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Author Topic: I got my first sting today!!!  (Read 2788 times)
Apis629
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« on: August 08, 2005, 04:15:42 PM »

I'm trying to get myself to stop wearing gloves and of cource I got stung.  I think I've found that I squish fewer bees when I wear gloves simply because I'm more confortable.  Has anyone else noticed this about themselves?
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Jerrymac
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« Reply #1 on: August 08, 2005, 05:35:22 PM »

Not real sure about the squishing part but every time I've gotten stung, I wasn't wearing gloves. Well..... Once they got me through the cloth part of the gloves.
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Horns Pure Honey
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« Reply #2 on: August 08, 2005, 05:40:41 PM »

I wear thing leather gloves and I havent killed but a few of them since I got them. They are sting proof too. Cheesy
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Michael Bush
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« Reply #3 on: August 08, 2005, 06:09:38 PM »

I wear gloves 99% of the time.  I only take them off when I can't do what I need with gloves on.  There isn't much I can't do with gloves on.
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« Reply #4 on: August 08, 2005, 06:26:15 PM »

I always wondered if GIVEN A CHOICE would I rather take ONE sting in a really painful place or SIX stings in a "not so painful place" and I think I'd rather take the SIX.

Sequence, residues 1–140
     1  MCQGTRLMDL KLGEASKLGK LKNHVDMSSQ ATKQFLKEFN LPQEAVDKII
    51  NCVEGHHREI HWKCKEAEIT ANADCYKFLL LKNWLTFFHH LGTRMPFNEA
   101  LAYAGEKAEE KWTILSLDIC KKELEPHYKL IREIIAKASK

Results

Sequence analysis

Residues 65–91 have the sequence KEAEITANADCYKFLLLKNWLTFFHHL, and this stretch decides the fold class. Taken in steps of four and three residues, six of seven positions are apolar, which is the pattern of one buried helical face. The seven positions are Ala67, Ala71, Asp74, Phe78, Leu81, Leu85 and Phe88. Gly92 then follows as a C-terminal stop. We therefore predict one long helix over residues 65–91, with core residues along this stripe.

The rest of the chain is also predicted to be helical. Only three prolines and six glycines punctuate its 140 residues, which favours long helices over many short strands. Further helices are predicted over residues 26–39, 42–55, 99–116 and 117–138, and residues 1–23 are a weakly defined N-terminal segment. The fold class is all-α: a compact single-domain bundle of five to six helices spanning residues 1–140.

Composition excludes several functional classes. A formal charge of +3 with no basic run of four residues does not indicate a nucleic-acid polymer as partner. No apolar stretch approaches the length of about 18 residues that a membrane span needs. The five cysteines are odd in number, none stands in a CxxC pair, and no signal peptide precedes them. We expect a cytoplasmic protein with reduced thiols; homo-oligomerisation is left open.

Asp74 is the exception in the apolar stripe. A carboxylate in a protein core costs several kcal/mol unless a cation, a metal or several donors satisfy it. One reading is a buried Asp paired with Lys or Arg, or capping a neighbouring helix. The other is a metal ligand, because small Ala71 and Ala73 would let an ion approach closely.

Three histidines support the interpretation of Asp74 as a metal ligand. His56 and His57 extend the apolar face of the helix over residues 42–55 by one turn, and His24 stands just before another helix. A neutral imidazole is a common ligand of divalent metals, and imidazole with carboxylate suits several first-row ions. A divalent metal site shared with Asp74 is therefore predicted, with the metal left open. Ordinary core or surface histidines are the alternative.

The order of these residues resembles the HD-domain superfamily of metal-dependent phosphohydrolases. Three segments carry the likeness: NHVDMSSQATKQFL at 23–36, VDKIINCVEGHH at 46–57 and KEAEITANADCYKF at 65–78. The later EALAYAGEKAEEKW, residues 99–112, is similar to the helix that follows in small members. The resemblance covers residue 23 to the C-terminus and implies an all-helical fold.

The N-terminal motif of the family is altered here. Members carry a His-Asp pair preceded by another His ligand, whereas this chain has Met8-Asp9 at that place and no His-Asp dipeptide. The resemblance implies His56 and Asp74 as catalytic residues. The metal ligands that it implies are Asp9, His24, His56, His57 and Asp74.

I rarely use protective clothing (gloves and hood, etc.,) for the simple fact that bees can get inside to easily and getting the stinger out requires undressing OFTEN around the hive, which stirs the bees up even more.

I'd rather put all my faith in SMOKING the bees well, judging the weather and over-all temperment of the hive and then when satisfied with it, go in bare-handed with just protective eye-wear.

Congratulations though on your first sting, it's a moment in your beekeeping life you rarely forget and a benchmark that you hope to use for improvement on all future hive inspections, etc..
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Jerrymac
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« Reply #5 on: August 08, 2005, 08:46:48 PM »

I have a full bee suit with zip on veil. Leather gloves with the long sleeves attached to them. I wear boots, long sleeved shirts and blue jeans. I never had bees get inside. When I go after strange bees I will duct tape up around the leg openings and the open pockets. (Places you can place hands through the bee suit to get to pockets in your pants)
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Apis629
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« Reply #6 on: August 08, 2005, 10:09:09 PM »

Awsome...I thought I'd be the only person wearing gloves!
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amymcg
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« Reply #7 on: August 09, 2005, 07:30:37 AM »

I haven't been using gloves, but since the hive fell over. . .they are alot more defensive. I've been stung twice just being in the area since then. I have a pair of canvas gloves, but have just ordered a nice pair of leather ones.